When you stopped by the other day, in addition to asking for your take on the incongruities between Mormon teaching and traditional Christianity, I also asked how you deal with apparent inconsistencies within Mormonism itself.
Again, I ask in all sincerity and hope I do not give offense.
From my outsider's perspective, it seems that LDS prophets/presidents have given differing teachings on certain issues. Two such especially troubling issues are those of ethnic groups and of polygamy, respectively.
Here's what I see from my perspective . . .
From my reading of 2 Nephi 5:20-25, the Book of Mormon teaches that, in contrast to those who are "white [. . .] and delightsome," "dark skinned" people are "cursed," "loathsome," and inferior ("And cursed shall be the seed of him that mixeth with their seed" v.23).
I've also seen some quotations attributed to previous LDS leaders, directing such a sentiment toward African Americans and other specific ethic groups applying the "seed of Cain" doctrine to say that dark skinned people are spiritually inferior and that (white) Mormons should not intermarry with them. (I know that not everything one finds on the Internet is reliable, but it looks like at least some of the citations given in the link above check out. Please let me know if my information is bad.)
I understand that current LDS teaching does not endorse the belief that one race is superior/inferior to another, but I am troubled by the fact that blacks have only been able to hold the LDS priesthood since 1978. I am also confused by the apparent incongruity between the statements of previous LDS leaders and the current position. The previous teachings are deeply disturbing to me.
Can you help me understand how you reconcile yourself with the past teachings and policies of the LDS church on the issue of race and ethnicity?
Also, while polygamy is not endorsed for present practice, it was previously an endorsed practiced. It also seems that the current ban is temporary, that it will one day return, and that it will ultimately be practiced in the highest level of heaven. At least such is the view I see when reading through Doctrine and Covenants 132 as well as other LDS publications.
In one LDS publication, The Desert Weekly (v.43, p. 540), quotations from the 1890 General Conference regarding polygamy are given along with the following summary of that assembly's decision to suspend the practice of plural marriage:
"Such is the authoritative position of the Mormon Church. Briefly summarized it may be read in this way:
The revelations of God given to Joseph Smith, including that on plural marriage, are binding upon the people, unless 'their enemies came upon them and hinder them from performing that work.'
They performed their 'work' in establishing polygamy until 'their enemies came upon them and hindered them,' and disobeyed the law of the land until through persecutions and punishments they were compelled to conclude that 'it is not wisdom to make war upon sixty-five millions of people,' nor 'to carry out this principle against the laws of the nation and receive the consequences.' But it is yet to be re-established, for 'all that He has promised in this code of revelation has been fulfilled as fast as time would admit. That which has not yet been fulfilled will be."If polygamy is a holy state and one that is central to LDS eschatology, can you help me understand the change in emphasis today which seems to downplay the importance of plural marriage in LDS history and doctrine?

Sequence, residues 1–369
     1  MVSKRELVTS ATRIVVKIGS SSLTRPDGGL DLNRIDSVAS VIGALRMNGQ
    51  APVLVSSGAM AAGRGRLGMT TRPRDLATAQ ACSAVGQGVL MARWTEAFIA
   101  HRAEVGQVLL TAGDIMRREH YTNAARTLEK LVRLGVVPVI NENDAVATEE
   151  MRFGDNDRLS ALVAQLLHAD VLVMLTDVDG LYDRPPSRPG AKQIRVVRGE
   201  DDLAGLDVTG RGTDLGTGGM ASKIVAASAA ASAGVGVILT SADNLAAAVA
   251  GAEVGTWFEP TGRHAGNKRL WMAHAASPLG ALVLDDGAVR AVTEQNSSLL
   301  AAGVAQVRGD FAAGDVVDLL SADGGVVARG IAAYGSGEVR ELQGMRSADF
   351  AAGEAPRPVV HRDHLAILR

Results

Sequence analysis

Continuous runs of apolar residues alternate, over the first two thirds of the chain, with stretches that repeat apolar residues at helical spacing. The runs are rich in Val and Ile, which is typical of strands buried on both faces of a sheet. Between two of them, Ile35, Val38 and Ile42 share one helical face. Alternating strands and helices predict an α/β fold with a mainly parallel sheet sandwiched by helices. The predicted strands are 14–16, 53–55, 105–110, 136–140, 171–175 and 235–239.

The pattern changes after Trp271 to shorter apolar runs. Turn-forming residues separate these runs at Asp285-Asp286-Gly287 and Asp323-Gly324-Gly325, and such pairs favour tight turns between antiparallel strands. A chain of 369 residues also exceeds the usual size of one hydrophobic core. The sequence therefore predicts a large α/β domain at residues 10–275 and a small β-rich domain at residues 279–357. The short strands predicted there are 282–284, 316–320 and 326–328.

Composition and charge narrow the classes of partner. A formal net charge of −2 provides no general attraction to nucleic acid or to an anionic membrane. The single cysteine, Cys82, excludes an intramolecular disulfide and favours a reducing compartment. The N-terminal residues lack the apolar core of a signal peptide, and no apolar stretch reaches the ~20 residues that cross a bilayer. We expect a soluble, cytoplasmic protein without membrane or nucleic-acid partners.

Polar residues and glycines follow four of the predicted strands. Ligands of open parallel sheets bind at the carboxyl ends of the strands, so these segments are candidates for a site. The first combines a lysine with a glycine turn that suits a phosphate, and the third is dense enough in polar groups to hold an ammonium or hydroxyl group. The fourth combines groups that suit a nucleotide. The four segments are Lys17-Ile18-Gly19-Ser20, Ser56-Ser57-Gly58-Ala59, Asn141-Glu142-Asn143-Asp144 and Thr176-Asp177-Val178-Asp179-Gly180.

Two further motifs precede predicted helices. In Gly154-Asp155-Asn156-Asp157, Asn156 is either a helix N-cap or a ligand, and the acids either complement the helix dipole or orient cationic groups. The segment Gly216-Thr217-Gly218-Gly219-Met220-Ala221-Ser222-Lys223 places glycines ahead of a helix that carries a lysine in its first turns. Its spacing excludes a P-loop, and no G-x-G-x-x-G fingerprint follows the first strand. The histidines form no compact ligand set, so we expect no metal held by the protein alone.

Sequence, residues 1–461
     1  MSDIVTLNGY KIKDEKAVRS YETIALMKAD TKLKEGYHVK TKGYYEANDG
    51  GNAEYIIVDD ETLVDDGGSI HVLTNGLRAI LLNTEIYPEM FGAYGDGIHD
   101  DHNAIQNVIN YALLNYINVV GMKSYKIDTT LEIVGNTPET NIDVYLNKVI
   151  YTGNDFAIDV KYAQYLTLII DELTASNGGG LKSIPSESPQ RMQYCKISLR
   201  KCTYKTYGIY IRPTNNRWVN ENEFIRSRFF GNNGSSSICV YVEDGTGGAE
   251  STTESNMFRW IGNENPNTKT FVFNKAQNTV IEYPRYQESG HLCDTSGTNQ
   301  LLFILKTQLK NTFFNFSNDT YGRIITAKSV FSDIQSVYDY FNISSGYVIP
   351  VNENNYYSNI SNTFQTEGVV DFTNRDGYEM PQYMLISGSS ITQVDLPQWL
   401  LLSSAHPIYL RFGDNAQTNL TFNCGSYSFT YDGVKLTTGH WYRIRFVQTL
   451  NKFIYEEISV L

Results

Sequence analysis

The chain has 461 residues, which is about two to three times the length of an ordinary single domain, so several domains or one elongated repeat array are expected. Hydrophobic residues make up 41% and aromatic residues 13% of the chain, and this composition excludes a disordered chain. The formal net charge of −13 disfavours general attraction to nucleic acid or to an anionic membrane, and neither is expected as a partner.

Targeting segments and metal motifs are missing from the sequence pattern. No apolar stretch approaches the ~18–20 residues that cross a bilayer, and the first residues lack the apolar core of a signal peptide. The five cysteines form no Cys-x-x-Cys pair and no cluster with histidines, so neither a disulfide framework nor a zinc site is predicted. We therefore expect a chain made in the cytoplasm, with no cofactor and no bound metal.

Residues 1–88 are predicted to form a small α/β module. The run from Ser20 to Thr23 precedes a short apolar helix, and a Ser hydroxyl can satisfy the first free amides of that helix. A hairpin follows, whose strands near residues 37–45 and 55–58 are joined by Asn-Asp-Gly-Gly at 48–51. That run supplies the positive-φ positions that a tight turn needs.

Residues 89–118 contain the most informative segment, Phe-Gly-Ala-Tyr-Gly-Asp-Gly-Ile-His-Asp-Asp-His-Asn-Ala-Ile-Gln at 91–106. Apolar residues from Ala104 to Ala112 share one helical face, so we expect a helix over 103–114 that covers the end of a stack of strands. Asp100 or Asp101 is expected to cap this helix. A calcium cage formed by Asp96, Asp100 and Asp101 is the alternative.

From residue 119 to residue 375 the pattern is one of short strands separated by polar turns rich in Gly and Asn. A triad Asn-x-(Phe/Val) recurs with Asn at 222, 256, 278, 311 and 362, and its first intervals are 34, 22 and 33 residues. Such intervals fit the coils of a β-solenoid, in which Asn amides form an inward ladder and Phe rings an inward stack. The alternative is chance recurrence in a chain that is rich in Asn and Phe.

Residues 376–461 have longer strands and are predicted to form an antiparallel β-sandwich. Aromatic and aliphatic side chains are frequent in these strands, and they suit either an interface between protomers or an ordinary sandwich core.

Can you help me understand the LDS position on polygamy? I find it quite confusing.
Why do only men receive the priesthood in the LDS church? Is the "patriarchal grip" in the marriage ceremony symbolizing that women have to enter heaven and achieve divinization through their husbands? From some of my readings of LDS texts, I am uncertain whether women can actually become gods in the celestial kingdom or just men. What is the official LDS teaching on this matter?
It's possible I'm reading it the wrong way, but when I read Doctrine and Covenants 132, I can't help but feel concerned by the apparent tone and attitude toward women. It appears that Joseph Smith is informing his wife, Emma Smith, that God "commands" her to "receive all those" her husband "has been given" or else she "will be destroyed." From the context, it looks as though Joseph is being called "a ruler over" all the "virgins" given to him as "his property'; that a man's wives "belong(eth) (un)to him." Am I reading this right?
There also seems to be some contradiction within the passage. First it states that a man's first wife must "give her consent" before her husband "espouse the second." However, shortly thereafter it says that if any man have a wife [. . .] and he teaches unto her the law of my priesthood," and she doesn't
"believe and administer unto him, [. . . ] she shall be destroyed, saith the Lord your God; for I will destroy her; for I will magnify my name upon all those who receive and abide in my law.
Therefore, it shall be lawful in me, if she receive not this law, for him to receive all things whatsoever I, the Lord his God, will give unto him, because she did not believe and administer unto him according to my word; and she then becomes the transgressor" (Doctrine and Covenants 132, especially 51-66).From my outsider's perspective, it's difficult to see how this attitude toward marriage and toward women is of God. Am I missing something? How does LDS teaching handle this passage and the church's past practices of polygamy?
I have great respect for you and where you're coming from and do not intend to bash the LDS faith. I ask these questions sincerely. Understanding that you come to my door to tell me about your faith, I present you with my honest questions. I would like to understand your position on these important issues.
Yours in Christ,